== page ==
Today we have classic cuisine with traditional ingredients, modern cuisine where traditional flavours are enhanced with modern cooking techniques, and fusion food which comes from a mixture of multiple cooking cultures. Vegan food is a mixture of all things. It is a super modern way of cooking using ingredients from all over the place, old and new methods to develop precise flavours and textures required while recreating authentic dishes with maximum empathy.

What’s next?

After seeing the glory of vegan food and tasting it for myself I realised that the world of food is forever expanding like the universe we live in. In the next 10 years, veganism will be the goal for the majority of people to achieve. It is not a small goal, most countries in the world are heavily reliant on the meat industry to support their nations’ rations. Meat is rooted in the lives of millions, if not billions, of people. It has cultural, religious, historical and personal meanings. Traditions and heritage won't be given up easily. I’ve seen the anti-vegan movement. Heavy meat eaters are taking extra steps to consume more meat in all its forms for attention and resisting changes. Luckily, to a conscious person, veganism isn't an anti-movement. Of course, it can be a rebellious act against traditions and established cultures, a way to show you are different, resulting in a subculture of kindness. And to me, it sounds like a good start to a different way of living.

I believe the carnivore diet isn't going to survive because it is unsustainable, unhealthy and misunderstands the change needed in the world. Eventually, it will be forgotten. In the meantime, plant-based movement will have many challenges to overcome.

First, we have to do loads more work to resolve the climate crisis. One of the steps is to reduce carbon through the reduction of cattle that produce methane and requires beyond a reasonable amount of resources to support. The next step is to produce more food from plants for the growing population of humankind, which requires much less water, time and complexity to produce the same amount of food compared to the animal-made portion of the same nutritional value.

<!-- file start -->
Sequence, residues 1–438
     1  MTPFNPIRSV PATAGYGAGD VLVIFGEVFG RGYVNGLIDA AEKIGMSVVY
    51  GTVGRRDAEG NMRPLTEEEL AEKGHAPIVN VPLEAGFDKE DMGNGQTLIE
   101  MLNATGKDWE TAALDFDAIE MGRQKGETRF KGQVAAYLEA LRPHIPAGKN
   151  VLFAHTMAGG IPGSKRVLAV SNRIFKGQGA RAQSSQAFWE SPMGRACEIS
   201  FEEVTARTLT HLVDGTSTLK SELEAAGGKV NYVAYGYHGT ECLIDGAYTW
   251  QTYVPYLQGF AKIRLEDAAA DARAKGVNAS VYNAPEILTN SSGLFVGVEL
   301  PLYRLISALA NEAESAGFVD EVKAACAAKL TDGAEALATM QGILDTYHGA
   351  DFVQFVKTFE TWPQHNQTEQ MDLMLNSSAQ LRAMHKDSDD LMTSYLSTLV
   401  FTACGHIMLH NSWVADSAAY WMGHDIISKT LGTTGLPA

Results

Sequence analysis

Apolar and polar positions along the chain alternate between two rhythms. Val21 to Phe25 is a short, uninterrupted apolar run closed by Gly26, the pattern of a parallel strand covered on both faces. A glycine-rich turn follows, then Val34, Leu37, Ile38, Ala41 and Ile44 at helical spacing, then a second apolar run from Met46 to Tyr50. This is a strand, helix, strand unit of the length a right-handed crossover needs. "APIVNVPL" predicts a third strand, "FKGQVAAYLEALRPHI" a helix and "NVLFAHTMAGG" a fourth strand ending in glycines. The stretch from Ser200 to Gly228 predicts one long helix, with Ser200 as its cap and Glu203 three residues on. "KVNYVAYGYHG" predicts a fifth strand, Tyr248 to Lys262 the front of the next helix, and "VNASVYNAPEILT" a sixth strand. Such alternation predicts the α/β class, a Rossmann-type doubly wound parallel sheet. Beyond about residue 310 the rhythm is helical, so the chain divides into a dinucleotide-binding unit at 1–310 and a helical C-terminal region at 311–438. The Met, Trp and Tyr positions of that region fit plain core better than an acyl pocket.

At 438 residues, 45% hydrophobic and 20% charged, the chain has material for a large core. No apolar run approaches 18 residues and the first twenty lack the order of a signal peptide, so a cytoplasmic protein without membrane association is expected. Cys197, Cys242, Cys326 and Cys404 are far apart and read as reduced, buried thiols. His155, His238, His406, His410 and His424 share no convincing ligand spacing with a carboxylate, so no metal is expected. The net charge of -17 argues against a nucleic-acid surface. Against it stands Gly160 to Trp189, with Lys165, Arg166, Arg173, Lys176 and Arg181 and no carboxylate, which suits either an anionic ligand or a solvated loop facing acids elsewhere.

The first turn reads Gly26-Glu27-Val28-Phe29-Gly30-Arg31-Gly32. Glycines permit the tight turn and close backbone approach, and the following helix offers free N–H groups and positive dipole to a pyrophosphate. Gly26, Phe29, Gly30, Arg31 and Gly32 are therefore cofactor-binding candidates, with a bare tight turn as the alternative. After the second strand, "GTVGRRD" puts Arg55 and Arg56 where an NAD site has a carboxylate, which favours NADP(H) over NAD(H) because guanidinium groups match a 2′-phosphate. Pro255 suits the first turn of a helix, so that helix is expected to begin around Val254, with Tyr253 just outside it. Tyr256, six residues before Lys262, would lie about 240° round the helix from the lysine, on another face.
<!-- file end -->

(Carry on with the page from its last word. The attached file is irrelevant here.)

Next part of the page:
The second main reason is that we understand how other creatures feel and we cannot ignore that anymore. Animals feel pain, boredom, loneliness, happiness and family bonds. Some of the same feelings we cherish. Taking that away is abuse. It is not animal abuse. It is deliberate harm to the other form of life for one's own benefit. Humans have to move past that to create a better future. If we are to overcome the climate crisis and terraform other planets we have to look for a better way of living (and eating).

On the way to creating a future where we will share the planet with other creatures instead of enforcing our own rules, we need to set some goals.

One. We need to abolish factory farming. It is a practice of applying industrial processes to the growth, killing and harvesting of animals for food. Such a way of making meat is prone to the usage of steroids and growth hormones that are harmful to both animals and human beings eating it. To improve the efficiency of space to the number of animals raised and improve the profit, animals are raised in a tiny amount of space (often in cages - think prisons), fed grains and corn that aren't their natural food, and killed in thousands per minute all across the globe. It’s a supreme way of cruelty, that’s why you don't see it on TV.